How do you simplify irrational exponents?

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It is clear that 10^2 can be simplified to 10*10=100. But what about say, 10^0.5? I have been thinking about this for days and cant figure out how it simplifies. 10^1 is 10, 10^0 is 1, so 10^0.5 should be under 1, but it is 3.16, so I don't get it. Same with 10^-1 is 0.1. How exactly are those simplified?
 

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They aren't. 10^.5 = sqrt(10). Square roots of non-perfect squares are irrational, so you can't write it any other way than as a square root or rational exponent(ie to the power of 1/2).

Any number to a negative power is equal to the number to the power under 1. Ex. 10^-x = 1/10^x
 
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It is clear that 10^2 can be simplified to 10*10=100. But what about say, 10^0.5? I have been thinking about this for days and cant figure out how it simplifies. 10^1 is 10, 10^0 is 1, so 10^0.5 should be under 1, but it is 3.16, so I don't get it. Same with 10^-1 is 0.1. How exactly are those simplified?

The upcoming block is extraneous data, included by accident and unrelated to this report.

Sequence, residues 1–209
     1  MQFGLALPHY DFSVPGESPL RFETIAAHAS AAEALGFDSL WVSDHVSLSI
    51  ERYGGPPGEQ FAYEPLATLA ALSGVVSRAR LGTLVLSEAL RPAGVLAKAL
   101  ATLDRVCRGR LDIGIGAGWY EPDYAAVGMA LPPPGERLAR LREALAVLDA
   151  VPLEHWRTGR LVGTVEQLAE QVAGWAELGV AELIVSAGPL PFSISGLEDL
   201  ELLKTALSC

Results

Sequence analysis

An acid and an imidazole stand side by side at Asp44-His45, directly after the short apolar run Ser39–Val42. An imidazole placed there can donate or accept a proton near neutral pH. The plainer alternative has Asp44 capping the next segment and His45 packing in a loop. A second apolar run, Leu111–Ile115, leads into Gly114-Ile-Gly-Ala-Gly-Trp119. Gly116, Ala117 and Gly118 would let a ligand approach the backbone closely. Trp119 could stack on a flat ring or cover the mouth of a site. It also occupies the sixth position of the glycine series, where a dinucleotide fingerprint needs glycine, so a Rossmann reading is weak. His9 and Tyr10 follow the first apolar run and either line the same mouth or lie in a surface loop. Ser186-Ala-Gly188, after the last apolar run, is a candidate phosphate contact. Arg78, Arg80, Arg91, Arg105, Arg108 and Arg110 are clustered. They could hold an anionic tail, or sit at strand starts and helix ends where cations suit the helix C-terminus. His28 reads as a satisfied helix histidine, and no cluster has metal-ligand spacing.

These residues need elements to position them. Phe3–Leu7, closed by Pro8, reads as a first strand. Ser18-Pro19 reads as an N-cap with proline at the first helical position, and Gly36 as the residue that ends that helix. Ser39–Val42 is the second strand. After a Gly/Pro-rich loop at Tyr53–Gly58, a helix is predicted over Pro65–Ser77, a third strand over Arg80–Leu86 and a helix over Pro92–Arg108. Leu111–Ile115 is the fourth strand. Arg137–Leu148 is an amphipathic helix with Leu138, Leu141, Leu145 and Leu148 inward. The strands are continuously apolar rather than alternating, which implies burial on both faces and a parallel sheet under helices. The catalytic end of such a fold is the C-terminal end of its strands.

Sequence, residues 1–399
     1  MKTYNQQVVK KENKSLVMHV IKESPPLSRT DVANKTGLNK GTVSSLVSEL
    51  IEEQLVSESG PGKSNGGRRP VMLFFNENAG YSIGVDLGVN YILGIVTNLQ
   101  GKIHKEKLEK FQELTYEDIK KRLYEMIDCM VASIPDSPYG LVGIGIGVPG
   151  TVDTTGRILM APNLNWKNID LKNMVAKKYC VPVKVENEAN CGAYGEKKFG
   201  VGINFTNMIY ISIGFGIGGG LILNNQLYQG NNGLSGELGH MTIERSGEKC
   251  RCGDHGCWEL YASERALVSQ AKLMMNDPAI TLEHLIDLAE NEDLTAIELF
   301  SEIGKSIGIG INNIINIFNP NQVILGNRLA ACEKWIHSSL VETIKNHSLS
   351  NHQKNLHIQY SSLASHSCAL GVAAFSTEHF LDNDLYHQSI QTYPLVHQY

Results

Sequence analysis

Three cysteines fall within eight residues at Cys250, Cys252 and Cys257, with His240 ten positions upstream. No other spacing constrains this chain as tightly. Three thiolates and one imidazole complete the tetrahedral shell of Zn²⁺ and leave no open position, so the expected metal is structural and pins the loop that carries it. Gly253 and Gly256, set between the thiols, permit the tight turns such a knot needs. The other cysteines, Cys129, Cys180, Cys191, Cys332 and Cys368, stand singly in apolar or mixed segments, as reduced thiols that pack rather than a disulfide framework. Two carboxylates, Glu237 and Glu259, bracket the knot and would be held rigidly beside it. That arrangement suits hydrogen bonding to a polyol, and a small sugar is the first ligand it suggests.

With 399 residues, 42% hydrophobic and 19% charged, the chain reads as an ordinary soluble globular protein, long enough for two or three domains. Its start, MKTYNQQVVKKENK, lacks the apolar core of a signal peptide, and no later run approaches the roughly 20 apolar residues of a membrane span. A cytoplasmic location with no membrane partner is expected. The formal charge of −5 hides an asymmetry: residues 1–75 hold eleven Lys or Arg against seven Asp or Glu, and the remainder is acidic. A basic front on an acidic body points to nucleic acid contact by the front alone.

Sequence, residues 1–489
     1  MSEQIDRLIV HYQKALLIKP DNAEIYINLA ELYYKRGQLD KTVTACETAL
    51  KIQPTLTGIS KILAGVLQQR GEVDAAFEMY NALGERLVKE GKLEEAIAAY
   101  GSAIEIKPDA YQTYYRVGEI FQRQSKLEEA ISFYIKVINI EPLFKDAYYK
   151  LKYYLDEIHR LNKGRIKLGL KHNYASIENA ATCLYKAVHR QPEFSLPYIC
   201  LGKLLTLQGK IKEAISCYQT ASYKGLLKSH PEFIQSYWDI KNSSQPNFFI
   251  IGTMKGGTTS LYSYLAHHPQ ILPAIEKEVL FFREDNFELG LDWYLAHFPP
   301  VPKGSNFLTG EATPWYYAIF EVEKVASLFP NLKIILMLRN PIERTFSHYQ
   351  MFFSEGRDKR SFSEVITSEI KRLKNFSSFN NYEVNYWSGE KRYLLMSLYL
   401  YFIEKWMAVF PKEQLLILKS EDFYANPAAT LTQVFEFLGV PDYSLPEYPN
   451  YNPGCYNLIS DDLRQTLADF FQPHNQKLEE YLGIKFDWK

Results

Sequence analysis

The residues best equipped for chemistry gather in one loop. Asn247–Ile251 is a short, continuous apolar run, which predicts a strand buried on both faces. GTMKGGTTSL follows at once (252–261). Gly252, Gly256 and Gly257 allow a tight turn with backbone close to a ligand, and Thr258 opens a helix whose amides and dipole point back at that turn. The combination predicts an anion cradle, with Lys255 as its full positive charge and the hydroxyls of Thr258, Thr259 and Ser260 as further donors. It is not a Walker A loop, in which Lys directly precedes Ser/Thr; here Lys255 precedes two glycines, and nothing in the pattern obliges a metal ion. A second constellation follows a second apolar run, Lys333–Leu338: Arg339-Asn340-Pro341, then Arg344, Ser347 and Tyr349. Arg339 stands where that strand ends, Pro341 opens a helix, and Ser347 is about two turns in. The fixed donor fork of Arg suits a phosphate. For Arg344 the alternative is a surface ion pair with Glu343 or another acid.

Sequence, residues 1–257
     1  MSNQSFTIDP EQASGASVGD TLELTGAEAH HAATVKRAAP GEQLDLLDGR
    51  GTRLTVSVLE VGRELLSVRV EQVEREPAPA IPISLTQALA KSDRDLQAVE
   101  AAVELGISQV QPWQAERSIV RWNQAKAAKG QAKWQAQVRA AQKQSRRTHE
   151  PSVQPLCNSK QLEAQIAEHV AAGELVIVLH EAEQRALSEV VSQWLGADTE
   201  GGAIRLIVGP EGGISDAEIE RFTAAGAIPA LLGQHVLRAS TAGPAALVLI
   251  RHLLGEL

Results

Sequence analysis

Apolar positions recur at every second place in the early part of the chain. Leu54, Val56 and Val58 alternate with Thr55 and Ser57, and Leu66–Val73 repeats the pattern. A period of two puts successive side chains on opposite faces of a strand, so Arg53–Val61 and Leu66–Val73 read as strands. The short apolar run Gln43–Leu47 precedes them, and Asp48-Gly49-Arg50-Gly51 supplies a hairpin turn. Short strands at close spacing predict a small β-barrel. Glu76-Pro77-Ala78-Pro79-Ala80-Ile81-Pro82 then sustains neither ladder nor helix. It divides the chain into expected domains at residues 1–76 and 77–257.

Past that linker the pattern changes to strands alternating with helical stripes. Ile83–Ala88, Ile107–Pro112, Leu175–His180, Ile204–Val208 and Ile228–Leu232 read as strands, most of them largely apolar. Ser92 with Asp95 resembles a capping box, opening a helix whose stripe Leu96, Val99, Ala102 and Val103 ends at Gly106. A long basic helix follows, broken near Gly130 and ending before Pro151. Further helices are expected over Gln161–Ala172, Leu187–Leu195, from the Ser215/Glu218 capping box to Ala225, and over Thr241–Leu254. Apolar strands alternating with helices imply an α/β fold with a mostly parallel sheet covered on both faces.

If 101=10, 100=1, then 100.5 should be somewhere between 100 and 101.

If you use the rule that [tex]\left(a^b\right)^c=a^{bc}[/tex] then you can get a lot of these rules. For example, [tex]\left(10^{0.5}\right)^2=10^{0.5\cdot 2}=10^1=10[/tex] So that means [tex]10^{0.5}[/tex] is whatever number that when you multiply it by itself (square it) you get 10. This is the square root of 10.

You can use a similar idea to find out what negative exponents do. Use the fact that [tex]a^b\cdot a^c=a^{b+c}[/tex].
 

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